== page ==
Fighting for all the wrong reasons?

By | January 8, 2013 at 6:58 am | No comments | Discussion | Tags: , , , , , ,

Does MMA lack Professionalism or is it the certain few that stand out?

My brain typically races at a million miles a minute, when I’m working, working out, eating, or even sleeping… One thing that’s really stuck with me based on articles I’ve been reading lately and even posts throughout various social networking outlets was the fine line that separates MMA from a brutal engagement of violence and a professional sport.

We can begin to think about fighters as a whole; which is generally the main reason I formed — to LEARN about these fighters’ stories and what places them here… and in the cage. In most cases I’ve found the Amateur and Pro up and comers to be very humbled; they fight because it was a sport they were introduced to since childhood,  their training/healthy lifestyles help boost their own self-confidence, or the sport and their training has thwarted them from getting into trouble. There’s also the other side to that story; those who are in the world of MMA strictly because they like fighting… violence. I had one fighter tell me that he really enjoys getting punched in the face… Whatever their motives are good, bad, or just weird… We can safely say they are in this sport for some kind of reason.

I look to the recent stories of James Head being called a bully in school; and now he’s fighting professionally on TV – does this make the sport look bad? Was there any truth to this accusation to begin with? We really don’t know much, but we have headline scouts who see this story and are ready to point the finger at the violence of the sport and not the impact it’s had on many peoples’ lives. Within the likes of this and similar stories; we do see a lot of trash talk and it’s to the point where it can be pretty ridiculous… MMA is a sport and of course there will always be rivalries – but when using profanity is what sells your upcoming performance, can you make an argument that it’s not professional?

We see fighters like the Diaz brothers. VERY exciting fighters, but will blatantly not care about the professional aspect – will throw middle fingers up and curse before, during, and after the fight… often not even show up for press conferences… but they remain in the sport, the televised aspect because of what they bring to the table as ‘fighters’ …as caged animals fighting for their lives.  Now, I’m not directly pointing the fingers as just stating the clearest of examples; I enjoy watching these guys fight, even if I may root for their opponent most of the  time… Is it a ‘bad’ sport, or just a few bad seeds that are involved?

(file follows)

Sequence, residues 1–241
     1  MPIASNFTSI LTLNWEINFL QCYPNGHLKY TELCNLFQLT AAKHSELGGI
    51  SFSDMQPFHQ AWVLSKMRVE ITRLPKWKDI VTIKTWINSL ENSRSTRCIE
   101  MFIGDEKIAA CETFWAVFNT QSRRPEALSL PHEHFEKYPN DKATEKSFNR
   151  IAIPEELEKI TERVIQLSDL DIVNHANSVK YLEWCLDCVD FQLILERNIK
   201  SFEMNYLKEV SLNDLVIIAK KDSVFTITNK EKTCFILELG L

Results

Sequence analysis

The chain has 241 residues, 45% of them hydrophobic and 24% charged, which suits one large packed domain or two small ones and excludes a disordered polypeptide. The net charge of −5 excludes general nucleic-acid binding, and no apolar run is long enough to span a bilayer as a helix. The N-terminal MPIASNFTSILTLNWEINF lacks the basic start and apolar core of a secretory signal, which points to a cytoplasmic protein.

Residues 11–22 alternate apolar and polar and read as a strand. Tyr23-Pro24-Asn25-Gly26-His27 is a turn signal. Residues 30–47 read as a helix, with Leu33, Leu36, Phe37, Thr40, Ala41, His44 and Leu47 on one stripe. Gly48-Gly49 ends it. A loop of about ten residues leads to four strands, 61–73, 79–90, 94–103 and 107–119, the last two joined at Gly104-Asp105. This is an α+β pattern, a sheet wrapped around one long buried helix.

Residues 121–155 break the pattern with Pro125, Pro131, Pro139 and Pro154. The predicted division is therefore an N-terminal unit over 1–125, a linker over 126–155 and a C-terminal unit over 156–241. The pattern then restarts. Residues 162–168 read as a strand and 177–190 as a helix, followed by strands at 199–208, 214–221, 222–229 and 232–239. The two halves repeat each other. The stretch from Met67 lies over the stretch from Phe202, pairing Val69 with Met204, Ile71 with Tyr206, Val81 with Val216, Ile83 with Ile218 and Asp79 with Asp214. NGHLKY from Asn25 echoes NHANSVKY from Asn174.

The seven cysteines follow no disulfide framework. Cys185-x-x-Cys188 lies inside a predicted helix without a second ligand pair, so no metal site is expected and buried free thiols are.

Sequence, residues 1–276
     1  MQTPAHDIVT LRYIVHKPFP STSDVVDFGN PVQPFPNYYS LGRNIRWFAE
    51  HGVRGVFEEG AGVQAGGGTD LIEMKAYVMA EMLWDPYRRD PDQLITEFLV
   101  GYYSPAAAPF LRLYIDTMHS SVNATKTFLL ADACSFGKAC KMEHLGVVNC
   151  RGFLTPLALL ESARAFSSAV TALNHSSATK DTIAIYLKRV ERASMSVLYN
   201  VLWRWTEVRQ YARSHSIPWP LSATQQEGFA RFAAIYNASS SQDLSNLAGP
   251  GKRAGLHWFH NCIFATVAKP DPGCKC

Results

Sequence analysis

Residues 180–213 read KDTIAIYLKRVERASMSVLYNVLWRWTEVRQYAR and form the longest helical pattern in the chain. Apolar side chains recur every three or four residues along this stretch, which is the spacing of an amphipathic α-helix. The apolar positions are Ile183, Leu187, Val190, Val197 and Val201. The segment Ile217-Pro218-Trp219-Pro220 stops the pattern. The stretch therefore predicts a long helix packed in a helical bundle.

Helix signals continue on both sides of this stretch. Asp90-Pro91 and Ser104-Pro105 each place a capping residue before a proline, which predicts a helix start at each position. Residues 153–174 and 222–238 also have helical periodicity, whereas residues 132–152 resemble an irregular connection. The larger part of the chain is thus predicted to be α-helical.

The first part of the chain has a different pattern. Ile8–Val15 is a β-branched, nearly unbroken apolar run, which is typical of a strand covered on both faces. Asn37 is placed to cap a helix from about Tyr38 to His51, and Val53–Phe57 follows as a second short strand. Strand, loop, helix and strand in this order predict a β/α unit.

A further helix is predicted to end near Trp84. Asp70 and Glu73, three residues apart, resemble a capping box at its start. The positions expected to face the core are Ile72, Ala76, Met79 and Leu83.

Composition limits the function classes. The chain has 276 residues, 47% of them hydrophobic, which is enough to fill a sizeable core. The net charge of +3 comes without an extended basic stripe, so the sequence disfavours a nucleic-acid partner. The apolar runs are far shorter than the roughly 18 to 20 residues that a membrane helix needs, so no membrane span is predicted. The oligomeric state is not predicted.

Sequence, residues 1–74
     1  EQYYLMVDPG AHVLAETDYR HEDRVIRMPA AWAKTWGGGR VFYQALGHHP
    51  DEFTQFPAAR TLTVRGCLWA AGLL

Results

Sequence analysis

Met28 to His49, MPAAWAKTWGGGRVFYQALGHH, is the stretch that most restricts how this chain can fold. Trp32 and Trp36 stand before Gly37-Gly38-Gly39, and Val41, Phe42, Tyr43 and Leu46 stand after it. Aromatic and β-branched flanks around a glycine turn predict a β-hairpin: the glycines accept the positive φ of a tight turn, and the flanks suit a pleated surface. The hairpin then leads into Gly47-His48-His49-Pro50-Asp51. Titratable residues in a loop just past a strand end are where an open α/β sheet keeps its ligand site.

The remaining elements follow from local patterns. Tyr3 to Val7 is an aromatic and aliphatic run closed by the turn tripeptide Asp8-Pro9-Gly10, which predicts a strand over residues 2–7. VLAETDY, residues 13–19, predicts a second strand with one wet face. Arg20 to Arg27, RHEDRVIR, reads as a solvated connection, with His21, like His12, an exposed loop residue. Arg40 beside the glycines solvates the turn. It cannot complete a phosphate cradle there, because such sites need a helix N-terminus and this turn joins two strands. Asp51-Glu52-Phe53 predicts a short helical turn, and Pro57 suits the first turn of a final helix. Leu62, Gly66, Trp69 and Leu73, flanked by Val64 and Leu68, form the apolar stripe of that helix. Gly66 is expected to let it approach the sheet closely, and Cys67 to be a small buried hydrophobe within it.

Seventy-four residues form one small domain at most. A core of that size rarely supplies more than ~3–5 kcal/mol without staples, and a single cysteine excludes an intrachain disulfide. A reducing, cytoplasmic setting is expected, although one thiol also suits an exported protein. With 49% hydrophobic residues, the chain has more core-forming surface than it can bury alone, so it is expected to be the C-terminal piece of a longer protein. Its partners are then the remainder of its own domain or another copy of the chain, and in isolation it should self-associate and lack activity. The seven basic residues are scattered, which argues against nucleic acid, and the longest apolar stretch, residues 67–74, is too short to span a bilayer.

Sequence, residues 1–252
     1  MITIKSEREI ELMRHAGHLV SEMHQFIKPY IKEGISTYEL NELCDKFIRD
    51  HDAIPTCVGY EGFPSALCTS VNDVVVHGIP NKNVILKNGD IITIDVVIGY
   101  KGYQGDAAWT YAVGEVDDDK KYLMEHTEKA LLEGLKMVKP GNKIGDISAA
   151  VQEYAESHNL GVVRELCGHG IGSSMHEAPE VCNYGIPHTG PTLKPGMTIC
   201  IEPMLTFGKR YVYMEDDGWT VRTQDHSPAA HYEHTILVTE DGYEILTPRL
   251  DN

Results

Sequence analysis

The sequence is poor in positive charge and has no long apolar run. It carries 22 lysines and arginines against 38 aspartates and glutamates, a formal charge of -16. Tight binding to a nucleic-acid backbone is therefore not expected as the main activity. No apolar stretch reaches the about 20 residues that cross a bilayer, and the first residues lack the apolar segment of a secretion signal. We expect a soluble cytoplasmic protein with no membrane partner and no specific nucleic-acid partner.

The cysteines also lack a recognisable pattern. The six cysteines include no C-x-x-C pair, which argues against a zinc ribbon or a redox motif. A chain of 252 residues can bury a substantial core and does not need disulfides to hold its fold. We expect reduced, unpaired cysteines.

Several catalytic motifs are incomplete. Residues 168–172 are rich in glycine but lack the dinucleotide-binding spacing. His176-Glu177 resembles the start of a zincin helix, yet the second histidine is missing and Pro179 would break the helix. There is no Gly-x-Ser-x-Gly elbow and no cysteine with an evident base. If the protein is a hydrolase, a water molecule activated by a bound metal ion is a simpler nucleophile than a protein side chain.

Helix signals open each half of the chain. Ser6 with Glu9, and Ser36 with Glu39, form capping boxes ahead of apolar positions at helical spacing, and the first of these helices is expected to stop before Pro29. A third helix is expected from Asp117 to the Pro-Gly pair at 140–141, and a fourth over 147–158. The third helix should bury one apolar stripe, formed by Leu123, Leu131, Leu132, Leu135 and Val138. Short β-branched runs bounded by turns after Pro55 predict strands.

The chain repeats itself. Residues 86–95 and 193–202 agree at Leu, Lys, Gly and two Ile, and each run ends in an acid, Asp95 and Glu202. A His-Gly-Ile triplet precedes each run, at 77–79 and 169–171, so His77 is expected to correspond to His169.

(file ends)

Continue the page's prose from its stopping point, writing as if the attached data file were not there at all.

The sport has gotten to the point where there are petitions to stop Toys R Us from selling MMA figurines, as they state that these are not toys that children should be ‘modeling’ their lives after and it’s not child-safe for them to watch/take part in.

Now on the contrary, many children [especially in today’s world] battle lack of self-esteem; combat sports help them gain confidence in themselves as well as teach them discipline and self-defense… some may use it for wrong, some may use it for the right reasons – but this argument can be used for the growing gun-law fiasco too… Is it the SPORT or the weapons that are the problem or the bad seeds that do not respect the bigger picture enough?

Dealing with a lot of fighters during interviews or those that I know personally; I know that this sport [or most combat sports] has changed their lives for the better. Gaining self-confidence, competing in a sport where your mind as well as your health come into play on a second-by-second basis, gaining discipline to know when to and when not to use your acquired skills… all of this sheds a very positive light on these sports; but we don’t see this in the media.

I was initially going to make this a long write-up until I noticed a few days ago, Gail Jitsu of posted a question regarding the sport in which she stated:

“Just had a “debate” with an acquaintance — who, by the way does not train in any discipline — about MMA and other combat sports. THEIR STANCE: “Minus Herb Dean and Joe Rogan, MMA is nothing but gratuitous violence held indoors to an audience of hundreds to maybe thousands, for profit. It is no more ‘humane’ than back alley brawls and street fights posted on YouTube. Guys get knocked out, broken bones, concussions and mutilated faces. Of course, at the end of it, they go home with a paycheck and a TapOut shirt.””

So now I ask a series of questions sprouting from Gail’s question as well as this little rant.

1. Fighters and those training… What is it that YOU fight for and what is it that keeps you motivated in this sport?

2. Fans/Fighters … Do you see this as a sport based of violence and TapOut Shirts or a Sport of Mental Stability and Discipline?

Share your thoughts, let’s get some conversation going. BIG SHOUT OUT TO GAIL over at Girl-Jitsu and all the women who kicked serious butt during Invicta 4.

Jason Przewoznik is the owner of was created to provide a haven for up and coming Mixed Martial Artists to share their stories and their careers with the fans; Supporting ALL fighters on the rise in a not-for-profit community.
Like it? Share it!Share on FacebookShare on Google+Tweet about this on TwitterEmail this to someone


© 2014 KnockoutLounge. All rights reserved.